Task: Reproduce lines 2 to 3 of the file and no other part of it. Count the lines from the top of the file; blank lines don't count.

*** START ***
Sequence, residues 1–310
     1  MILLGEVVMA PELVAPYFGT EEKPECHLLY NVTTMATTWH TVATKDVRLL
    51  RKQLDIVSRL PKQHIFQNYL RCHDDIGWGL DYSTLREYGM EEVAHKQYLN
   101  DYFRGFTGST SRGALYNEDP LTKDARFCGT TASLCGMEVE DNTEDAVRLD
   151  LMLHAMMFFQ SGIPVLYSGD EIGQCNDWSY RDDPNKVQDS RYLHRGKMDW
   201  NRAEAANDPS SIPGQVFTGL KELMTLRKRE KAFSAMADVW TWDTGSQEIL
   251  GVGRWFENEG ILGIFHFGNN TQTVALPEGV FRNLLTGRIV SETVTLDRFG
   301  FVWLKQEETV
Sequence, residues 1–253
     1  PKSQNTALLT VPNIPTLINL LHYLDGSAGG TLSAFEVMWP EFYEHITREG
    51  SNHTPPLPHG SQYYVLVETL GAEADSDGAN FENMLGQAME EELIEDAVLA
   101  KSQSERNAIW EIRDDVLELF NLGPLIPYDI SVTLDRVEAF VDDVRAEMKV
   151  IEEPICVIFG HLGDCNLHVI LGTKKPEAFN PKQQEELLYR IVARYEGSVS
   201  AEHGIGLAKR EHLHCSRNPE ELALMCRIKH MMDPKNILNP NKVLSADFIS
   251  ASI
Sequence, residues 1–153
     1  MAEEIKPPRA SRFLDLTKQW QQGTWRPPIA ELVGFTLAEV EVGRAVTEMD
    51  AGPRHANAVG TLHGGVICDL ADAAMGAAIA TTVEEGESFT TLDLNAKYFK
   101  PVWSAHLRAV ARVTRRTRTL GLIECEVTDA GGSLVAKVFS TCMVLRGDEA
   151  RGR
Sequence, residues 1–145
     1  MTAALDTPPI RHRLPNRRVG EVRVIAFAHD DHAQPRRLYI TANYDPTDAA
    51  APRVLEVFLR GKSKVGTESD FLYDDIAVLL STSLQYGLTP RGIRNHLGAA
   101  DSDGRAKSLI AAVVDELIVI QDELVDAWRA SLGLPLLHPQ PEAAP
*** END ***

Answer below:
     1  MILLGEVVMA PELVAPYFGT EEKPECHLLY NVTTMATTWH TVATKDVRLL
    51  RKQLDIVSRL PKQHIFQNYL RCHDDIGWGL DYSTLREYGM EEVAHKQYLN